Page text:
Tombstone: Willeford

The week before I watched The Pope of Greenwich Village on the anniversary of Charles Willeford’s death, my pal Leo Grin happened to be on a trip to Washington, D.C. Leo is known for the great Robert E. Howard magazine The Cimmerian, and he contributed an essay to my book of Howard criticism The Barbaric Triumph — back in the old days we were constantly planning out something that would outrage the boring Old Guard of Howard and fantasy litcrit and elevate the Texas writer to a higher rung on the ladder.

Lately Leo has been hanging his hat on the web as a blogger for Big Hollywood. I am the unnamed source for his interest in Chuck (which I knew he’d like, if only for the presence of his fellow Big Hollywood blogger Adam Baldwin) and Human Target.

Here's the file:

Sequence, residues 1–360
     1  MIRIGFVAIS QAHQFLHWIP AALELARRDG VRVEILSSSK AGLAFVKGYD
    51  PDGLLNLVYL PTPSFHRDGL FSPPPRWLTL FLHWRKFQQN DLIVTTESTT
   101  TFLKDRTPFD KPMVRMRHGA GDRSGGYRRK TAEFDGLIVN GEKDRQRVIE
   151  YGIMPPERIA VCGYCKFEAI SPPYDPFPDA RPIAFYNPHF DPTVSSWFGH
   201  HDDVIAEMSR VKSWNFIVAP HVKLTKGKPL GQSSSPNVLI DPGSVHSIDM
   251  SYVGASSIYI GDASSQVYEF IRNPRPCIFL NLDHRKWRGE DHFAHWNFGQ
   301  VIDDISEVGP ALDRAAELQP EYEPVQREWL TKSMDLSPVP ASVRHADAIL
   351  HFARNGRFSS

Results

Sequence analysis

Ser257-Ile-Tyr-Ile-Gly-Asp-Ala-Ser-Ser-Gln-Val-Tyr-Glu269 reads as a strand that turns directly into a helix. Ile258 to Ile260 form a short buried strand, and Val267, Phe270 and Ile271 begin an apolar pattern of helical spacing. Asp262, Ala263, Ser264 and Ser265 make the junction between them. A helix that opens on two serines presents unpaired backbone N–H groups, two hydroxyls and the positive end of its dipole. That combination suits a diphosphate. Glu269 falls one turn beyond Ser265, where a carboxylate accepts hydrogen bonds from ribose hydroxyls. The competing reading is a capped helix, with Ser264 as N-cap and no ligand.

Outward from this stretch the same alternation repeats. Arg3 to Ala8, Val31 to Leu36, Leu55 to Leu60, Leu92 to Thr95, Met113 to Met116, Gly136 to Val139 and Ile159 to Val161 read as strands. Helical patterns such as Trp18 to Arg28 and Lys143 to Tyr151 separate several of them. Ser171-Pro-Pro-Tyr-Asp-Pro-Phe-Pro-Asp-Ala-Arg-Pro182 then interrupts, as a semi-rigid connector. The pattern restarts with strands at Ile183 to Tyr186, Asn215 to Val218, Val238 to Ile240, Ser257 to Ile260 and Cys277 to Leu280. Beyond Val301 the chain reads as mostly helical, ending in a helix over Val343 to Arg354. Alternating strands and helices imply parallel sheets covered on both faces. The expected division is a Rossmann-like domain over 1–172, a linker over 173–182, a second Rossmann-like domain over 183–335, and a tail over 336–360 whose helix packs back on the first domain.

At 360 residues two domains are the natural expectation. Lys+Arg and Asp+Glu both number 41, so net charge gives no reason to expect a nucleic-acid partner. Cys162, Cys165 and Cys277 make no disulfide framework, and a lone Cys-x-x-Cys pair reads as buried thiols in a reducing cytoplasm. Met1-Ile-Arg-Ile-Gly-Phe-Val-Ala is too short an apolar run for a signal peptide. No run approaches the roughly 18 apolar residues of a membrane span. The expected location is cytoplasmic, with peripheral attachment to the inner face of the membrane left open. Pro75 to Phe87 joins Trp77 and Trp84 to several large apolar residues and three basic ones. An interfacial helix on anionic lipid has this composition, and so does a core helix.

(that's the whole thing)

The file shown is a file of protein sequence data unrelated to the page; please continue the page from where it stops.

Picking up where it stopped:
In D.C. he did museums, met up with locals and so on, but did manage to squeak in a fast trip to Arlington National Cemetery — Leo didn’t have time to get to Hammett’s grave, but managed to pay his respects at the resting places of Lee Marvin and Joe Louis, as well as the mausoleum where Willeford’s ashes are interred.

He sends a couple of shots, noting that the letters on Willeford’s crypt are now washed out and hard to see — unlike nearby letters, which have a black stain which makes them stand out clearly. My guess is that Willeford’s marker has been visited by people doing gravestone rubbings — maybe even a lot of people doing gravestone rubbings. That’s not something I ever wanted to do — I am happy just moping around graveyards and looking — but I understand it is a popular hobby.

And Willeford is not without devoted fans. 

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